In this study, we examined soil microbial communities and residues along an elevation gradient of Changbai Mountain. We found neither soil microbial communities nor residues showed a consistent altitudinal change along the studied elevation gradient. Similar altitudinal trends in microbial communities were found in Austrian Limestone Alps [25] and Bornean tropical forest ecosystems [44]. In contrast, Margesin et al. [19] observed a decrease of microbial (bacterial and fungal) biomass with increasing altitude in the Austrian Central Alps. One possible explanation for the apparent disparity between studies lies in site selection. For example, Djukic et al. [25] selected six study sites in 200-m elevation increments from 900 to 1900 m, whereas Margesin et al. [19] compared microbial communities only between alpine (2300–2530 m) and subalpine (1500–1900 m) soils. Because there was no available study regarding microbial residues along altitude, we compared our amino sugar data with the results from latitudinal studies. While Sowden [45] did not find any correlation between amino sugars and climatic elements in Canadian soils from different climate and vegetation zones, Amelung et al. [17] showed a parabolic relationship between amino sugars and MAT along a climosequence in North America. It seems that the effect of altitude on soil microbial communities and residues was indirect and mainly through its control on vegetation inputs and microbial habitat in our study. Alternatively, it could be that the control mechanism of altitude was more complex than simple linear relationship.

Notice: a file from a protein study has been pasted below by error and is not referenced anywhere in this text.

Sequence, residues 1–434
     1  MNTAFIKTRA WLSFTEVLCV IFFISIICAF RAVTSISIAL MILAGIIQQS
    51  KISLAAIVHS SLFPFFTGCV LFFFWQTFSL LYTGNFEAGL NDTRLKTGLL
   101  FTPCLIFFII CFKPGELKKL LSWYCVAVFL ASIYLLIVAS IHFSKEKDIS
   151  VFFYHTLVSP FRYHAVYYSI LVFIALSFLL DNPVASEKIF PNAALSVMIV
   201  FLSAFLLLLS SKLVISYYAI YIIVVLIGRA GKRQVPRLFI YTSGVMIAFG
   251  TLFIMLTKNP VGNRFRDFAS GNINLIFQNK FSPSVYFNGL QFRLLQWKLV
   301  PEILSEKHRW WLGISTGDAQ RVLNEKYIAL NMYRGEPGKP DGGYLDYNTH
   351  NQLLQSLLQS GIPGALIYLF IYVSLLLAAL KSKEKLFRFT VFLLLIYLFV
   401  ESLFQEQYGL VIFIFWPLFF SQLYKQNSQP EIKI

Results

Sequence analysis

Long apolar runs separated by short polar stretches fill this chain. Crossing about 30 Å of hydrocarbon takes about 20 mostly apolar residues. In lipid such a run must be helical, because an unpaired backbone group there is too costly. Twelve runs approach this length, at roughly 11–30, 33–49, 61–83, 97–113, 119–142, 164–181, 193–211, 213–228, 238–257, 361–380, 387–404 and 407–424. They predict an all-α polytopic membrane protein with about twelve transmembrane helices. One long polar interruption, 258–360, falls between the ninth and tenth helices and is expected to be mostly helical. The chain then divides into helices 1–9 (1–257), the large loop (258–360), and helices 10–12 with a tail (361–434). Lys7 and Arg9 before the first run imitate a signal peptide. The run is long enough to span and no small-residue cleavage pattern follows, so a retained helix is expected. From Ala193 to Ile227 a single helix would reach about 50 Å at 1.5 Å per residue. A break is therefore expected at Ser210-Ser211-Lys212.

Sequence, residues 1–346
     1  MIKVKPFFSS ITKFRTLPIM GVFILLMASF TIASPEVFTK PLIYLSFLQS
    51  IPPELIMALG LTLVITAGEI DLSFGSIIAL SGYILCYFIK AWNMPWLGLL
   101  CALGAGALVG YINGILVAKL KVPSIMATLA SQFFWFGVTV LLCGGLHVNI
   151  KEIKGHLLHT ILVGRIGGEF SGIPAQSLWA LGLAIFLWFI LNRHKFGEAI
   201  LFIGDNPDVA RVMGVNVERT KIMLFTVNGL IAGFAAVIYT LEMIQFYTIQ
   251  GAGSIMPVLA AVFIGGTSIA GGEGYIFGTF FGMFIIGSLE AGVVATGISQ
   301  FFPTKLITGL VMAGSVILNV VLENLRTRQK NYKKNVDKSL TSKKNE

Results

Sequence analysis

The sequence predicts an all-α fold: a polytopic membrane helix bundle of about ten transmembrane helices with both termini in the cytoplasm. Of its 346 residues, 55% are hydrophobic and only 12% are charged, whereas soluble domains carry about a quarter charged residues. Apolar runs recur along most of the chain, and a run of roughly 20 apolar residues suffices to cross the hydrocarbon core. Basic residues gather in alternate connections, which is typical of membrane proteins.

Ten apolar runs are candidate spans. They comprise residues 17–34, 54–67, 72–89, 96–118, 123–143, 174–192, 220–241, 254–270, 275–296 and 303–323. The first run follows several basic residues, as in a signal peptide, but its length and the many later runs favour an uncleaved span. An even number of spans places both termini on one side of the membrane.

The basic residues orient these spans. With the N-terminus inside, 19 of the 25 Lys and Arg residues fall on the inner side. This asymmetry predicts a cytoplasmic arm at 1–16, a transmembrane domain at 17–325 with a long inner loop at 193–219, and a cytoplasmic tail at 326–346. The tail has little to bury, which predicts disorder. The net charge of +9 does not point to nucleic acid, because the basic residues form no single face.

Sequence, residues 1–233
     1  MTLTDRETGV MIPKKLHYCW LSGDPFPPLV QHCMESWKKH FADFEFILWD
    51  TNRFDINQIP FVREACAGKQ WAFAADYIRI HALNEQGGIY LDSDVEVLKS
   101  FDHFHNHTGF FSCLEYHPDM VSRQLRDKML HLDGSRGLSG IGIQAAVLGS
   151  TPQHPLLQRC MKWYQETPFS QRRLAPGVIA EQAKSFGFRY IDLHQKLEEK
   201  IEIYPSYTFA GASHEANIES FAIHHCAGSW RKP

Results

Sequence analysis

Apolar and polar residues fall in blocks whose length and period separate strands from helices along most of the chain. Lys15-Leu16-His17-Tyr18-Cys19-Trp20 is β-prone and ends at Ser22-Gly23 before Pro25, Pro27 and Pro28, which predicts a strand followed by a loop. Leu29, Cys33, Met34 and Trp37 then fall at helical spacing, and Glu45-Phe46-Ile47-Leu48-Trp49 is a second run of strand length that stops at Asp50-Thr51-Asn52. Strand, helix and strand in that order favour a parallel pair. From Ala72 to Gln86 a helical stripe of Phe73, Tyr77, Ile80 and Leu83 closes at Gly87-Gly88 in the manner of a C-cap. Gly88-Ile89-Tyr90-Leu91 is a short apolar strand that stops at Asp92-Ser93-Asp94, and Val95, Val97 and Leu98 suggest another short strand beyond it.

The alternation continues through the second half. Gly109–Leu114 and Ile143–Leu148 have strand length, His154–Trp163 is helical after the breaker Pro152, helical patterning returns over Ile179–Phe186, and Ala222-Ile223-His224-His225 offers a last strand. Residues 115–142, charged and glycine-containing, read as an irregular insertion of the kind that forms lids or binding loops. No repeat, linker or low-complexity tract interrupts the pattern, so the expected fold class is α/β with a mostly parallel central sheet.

This study indicated that soil pH and C/N ratio were the most important drivers for soil microbial community composition and residue pattern along the northern slope of Changbai Mountain. Similar forces were found to shape microbial community composition in boreal forest soils [46] and alpine environments [25]. This is also in agreement with the results observed by ribosomal RNA gene based analysis on the same mountain [24]. The site with the lowest pH and highest C/N ratio (site 3) was structurally distinct from the other sites as a consequence of higher relative abundance of i15:0, 16:1ω7c, and 16:0 and lower relative abundance of a15:0. Significantly higher i15:0/a15:0 ratio (3.75) in this site than other sites (1.57–1.71) indicated niche stress for microbial growth. This is in line with report of increased i15:0 and decreased a15:0 in low pH oak forest soils [47]. However, Nilsson et al. [47] also found the PLFA 16:1ω7c was associated with high pH in forest soils, which seems to contrast with our results. Disparities might be explained if other methods determining microbial community composition at higher resolution were included, such as ribosomal RNA gene based analysis [24]. The lower Gm+/Gm ratio in this site probably contributed to its higher GluN/MurA ratio because cell wall of Gm bacteria contains thinner murein layers than that of Gm+ bacteria, leading to lower MurA concentrations in living Gm than Gm+ bacteria [48], [49].